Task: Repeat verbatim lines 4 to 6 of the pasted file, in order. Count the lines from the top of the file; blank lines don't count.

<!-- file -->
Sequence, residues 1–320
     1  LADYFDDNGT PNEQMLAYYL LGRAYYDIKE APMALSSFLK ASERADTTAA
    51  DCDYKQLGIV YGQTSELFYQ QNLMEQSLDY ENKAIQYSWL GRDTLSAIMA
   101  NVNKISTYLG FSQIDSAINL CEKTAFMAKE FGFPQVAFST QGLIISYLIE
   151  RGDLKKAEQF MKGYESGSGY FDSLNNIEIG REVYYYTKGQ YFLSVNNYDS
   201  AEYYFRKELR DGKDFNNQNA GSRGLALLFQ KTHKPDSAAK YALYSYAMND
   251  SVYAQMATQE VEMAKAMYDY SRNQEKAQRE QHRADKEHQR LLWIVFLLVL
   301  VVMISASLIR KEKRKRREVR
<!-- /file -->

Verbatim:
   101  NVNKISTYLG FSQIDSAINL CEKTAFMAKE FGFPQVAFST QGLIISYLIE
   151  RGDLKKAEQF MKGYESGSGY FDSLNNIEIG REVYYYTKGQ YFLSVNNYDS
   201  AEYYFRKELR DGKDFNNQNA GSRGLALLFQ KTHKPDSAAK YALYSYAMND